While the International WELL Building Institute (IWBI)'s WELL Building Standard is still in its infancy, it appears to foreshadow these next major MEP design trends. Expect to see increased requirements for indoor-air quality well beyond ASHRAE 62.1: Ventilation for Acceptable Indoor Air Quality, an emphasis on the quality of illumination, and numerous other criteria that are incorporated into the WELL Building Standard.

Hansen: We're seeing the Washington D.C. market grow increasingly saturated with Class A office buildings. Energy efficiency is very important in our area. Ultimately, the office buildings that get (and stay leased) are the properties with highly efficient, customizable HVAC systems. Typically, the systems also have negligible aesthetic impact and low first costs for installation. We're seeing variable refrigerant flow (VRF) systems satisfying these requirements for a variety of owner and project types.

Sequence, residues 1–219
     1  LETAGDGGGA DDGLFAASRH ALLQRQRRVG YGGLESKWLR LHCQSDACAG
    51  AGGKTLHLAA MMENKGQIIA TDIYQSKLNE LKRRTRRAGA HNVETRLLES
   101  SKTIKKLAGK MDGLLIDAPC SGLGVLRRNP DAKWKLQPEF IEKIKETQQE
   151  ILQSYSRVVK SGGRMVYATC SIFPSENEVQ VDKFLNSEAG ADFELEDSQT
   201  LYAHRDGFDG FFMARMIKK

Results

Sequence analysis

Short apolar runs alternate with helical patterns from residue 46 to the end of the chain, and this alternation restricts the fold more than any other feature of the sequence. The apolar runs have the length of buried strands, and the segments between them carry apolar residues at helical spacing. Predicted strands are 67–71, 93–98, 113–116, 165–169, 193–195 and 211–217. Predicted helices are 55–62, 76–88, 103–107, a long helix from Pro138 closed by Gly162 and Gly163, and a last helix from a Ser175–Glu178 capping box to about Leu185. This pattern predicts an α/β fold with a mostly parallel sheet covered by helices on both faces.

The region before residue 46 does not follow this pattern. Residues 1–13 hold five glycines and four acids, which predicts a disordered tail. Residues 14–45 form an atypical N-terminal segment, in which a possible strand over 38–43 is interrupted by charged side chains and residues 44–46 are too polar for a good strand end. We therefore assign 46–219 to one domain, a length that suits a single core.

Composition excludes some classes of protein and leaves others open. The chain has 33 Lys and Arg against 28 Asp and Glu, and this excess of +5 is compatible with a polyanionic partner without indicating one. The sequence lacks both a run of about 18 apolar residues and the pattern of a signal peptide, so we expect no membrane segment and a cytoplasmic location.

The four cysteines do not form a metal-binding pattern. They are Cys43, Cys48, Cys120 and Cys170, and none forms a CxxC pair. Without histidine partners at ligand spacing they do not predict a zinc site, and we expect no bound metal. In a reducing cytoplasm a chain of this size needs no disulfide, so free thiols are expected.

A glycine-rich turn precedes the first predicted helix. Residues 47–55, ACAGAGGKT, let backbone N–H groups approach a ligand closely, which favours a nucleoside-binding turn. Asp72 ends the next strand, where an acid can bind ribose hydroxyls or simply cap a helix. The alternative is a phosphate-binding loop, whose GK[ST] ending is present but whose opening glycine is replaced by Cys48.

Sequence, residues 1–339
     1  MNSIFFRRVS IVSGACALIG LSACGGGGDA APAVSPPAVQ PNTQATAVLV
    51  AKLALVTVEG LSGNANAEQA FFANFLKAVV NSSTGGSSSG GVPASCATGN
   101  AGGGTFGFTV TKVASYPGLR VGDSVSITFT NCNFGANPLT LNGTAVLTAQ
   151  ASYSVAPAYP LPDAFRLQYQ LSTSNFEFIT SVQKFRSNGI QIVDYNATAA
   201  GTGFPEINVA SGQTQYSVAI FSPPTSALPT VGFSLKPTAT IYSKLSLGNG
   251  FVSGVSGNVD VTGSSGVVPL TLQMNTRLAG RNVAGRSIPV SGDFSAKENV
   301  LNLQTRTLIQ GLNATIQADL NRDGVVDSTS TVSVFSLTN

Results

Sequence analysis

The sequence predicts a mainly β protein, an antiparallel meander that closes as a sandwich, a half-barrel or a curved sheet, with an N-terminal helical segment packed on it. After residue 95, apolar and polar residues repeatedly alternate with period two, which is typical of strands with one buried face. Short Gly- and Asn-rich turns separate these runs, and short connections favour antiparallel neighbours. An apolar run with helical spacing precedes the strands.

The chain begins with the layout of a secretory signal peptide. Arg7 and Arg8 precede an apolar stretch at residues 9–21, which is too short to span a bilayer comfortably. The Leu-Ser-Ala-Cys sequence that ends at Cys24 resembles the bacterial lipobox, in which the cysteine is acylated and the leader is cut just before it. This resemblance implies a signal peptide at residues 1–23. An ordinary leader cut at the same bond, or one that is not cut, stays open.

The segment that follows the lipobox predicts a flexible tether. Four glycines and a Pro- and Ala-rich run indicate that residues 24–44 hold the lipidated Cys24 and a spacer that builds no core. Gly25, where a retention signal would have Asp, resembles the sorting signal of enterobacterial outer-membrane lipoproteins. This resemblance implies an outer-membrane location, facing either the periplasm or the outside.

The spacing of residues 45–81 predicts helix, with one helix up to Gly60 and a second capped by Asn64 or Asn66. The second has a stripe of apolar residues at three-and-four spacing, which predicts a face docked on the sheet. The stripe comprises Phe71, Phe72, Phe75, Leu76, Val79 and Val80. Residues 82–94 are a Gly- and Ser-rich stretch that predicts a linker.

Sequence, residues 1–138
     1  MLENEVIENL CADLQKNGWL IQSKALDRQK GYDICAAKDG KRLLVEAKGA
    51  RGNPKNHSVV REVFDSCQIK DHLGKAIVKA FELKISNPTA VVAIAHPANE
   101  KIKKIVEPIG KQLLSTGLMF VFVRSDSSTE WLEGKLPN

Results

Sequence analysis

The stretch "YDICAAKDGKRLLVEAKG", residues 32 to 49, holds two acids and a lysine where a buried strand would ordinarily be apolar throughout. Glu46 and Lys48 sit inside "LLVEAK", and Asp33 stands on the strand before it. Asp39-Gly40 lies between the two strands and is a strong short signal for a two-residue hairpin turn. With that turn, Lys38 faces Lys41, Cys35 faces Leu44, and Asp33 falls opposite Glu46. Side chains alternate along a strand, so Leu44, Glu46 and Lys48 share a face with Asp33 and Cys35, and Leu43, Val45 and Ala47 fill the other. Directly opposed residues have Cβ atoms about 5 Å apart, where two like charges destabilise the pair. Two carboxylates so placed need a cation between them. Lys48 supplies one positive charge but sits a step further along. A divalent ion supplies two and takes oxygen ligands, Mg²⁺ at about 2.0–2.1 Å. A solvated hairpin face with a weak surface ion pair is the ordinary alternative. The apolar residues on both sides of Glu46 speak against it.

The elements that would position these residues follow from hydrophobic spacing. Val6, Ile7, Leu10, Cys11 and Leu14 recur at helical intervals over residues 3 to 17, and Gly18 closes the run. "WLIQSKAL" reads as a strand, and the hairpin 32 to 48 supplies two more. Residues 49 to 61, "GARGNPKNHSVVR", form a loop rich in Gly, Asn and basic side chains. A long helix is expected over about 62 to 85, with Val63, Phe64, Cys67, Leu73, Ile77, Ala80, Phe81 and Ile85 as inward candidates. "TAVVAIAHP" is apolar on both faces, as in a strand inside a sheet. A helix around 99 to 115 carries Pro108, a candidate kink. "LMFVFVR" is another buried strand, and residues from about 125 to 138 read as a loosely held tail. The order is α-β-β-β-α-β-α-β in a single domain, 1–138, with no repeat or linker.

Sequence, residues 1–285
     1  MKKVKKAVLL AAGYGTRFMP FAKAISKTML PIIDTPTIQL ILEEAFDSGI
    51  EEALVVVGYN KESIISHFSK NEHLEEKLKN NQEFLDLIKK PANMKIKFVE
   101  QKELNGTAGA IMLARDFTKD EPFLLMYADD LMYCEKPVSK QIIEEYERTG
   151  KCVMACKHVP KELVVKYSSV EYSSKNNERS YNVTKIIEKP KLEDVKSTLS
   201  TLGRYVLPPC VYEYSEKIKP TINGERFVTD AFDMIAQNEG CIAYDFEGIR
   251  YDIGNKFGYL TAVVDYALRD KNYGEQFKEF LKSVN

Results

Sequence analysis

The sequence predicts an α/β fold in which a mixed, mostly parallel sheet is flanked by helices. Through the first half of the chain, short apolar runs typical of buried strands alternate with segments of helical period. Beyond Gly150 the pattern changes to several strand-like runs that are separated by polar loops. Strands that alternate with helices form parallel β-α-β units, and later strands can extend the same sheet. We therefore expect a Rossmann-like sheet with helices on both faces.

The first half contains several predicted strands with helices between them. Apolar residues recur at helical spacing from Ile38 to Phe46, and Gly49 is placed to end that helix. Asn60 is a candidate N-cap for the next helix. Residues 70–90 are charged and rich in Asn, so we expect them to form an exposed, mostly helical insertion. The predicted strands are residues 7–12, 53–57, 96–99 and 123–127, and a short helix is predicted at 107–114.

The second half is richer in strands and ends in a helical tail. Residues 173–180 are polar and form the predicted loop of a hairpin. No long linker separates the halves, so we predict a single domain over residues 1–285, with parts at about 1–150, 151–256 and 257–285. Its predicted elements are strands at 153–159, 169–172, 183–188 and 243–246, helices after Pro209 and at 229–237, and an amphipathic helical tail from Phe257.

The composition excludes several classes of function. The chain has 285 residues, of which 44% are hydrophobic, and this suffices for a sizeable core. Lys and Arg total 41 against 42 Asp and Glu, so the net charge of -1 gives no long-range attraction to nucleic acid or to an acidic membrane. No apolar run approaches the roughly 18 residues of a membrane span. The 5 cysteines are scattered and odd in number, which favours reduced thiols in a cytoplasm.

Jensen: Forward-thinking owners will look beyond minimum energy code requirements and consider highly sustainable and even net zero energy office buildings. Net zero office buildings can create a powerful story around strong corporate values for employees and the public.

Gerke: There are so many networked communication systems in buildings today that it is surprising that companies have not developed a breakout technology that combines cabling systems. While some companies do offer project-development services to consolidate communication systems (ranging from HVAC controls to lighting controls and security/surveillance to servers), there is no one disruptive technology solution that has combined all these systems on a single cabling backbone linked to a single networked control system. Today's solutions still include multiple controllers to individually handle most systems.